Written by Jeff Hambelton
Working in the backcountry during the winter for the Northwest Avalanche Center, I investigate the current snowpack, track the avalanche hazard, and perform all manner of experiments in the name of snow science. If you ask me what’s in my pack, you may get varied answers, depending on the mission. You might find overnight gear, maybe a science toolkit, sometimes a picnic lunch. But you will always find my shovel, probe and snow saw—the basic tools for snow science and companion rescue.
I’d like to share with you a few tips on how to use these three important and versatile components of your backcountry kit:
We carry the shovel and probe to complete the basic tool kit necessary for companion rescue when traveling in avalanche terrain—a tool kit that starts with careful risk assessment, trip planning and safe travel practices. The snow saw, while not technically a rescue tool is a ready component of an educated backcountry traveler’s arsenal for information gathering and important snowpack observations.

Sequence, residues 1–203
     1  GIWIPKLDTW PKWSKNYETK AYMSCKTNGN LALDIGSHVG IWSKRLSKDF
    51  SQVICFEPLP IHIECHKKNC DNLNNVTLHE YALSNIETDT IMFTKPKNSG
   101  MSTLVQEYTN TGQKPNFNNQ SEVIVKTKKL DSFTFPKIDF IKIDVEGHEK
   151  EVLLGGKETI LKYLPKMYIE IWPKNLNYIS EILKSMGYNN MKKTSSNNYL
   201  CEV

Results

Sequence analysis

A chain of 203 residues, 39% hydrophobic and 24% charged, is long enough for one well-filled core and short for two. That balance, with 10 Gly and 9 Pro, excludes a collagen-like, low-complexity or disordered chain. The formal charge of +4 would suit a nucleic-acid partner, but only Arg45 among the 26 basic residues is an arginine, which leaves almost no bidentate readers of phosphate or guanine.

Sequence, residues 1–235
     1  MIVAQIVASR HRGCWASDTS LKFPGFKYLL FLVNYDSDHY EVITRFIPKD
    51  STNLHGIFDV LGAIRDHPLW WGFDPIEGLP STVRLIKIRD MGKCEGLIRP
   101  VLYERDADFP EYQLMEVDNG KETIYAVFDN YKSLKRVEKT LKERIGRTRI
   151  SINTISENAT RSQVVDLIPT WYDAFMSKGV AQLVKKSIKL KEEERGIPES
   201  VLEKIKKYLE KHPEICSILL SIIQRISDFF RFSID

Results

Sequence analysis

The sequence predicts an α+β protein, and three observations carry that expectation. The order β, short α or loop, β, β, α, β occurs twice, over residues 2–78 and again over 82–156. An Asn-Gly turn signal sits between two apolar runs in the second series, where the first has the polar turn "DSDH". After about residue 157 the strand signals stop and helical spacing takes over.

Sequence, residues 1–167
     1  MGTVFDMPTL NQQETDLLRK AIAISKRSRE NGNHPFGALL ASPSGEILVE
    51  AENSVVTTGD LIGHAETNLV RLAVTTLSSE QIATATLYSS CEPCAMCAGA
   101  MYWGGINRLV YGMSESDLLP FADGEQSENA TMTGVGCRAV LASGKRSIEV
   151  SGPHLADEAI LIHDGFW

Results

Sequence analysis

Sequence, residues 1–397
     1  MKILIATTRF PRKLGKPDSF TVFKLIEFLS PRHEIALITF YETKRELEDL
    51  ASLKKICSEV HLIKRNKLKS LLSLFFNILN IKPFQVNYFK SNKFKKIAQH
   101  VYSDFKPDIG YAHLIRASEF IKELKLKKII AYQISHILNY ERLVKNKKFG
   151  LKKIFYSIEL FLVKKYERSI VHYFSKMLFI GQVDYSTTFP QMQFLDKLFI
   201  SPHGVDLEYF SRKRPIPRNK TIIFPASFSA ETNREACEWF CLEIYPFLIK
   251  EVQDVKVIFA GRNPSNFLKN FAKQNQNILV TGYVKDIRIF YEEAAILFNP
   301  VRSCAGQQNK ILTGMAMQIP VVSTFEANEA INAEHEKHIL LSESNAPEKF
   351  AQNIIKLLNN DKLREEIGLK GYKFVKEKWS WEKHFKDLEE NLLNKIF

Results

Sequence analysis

How to properly probe in a rescue:
In a companion rescue scenario, once you have pinpointed the strongest signal at the surface with your transceiver, deploy your avalanche probe, and start probing in a spiral pattern, a body’s width apart if in a group, holding the probe perpendicular to the surface of the slope, and pushing the probe down as far as it will go. Pay special attention to the angle of the probe, ensuring that each time you push it into the debris, it is parallel to the last push. This is the key; only if the rescuer probes in a parallel and precise manner can they confirm the victim is not “there.” A rescuer maintaining this practice will avoid shifting to a random pattern of jabbing the probe in the snow while his heartrate soars and panic sets in.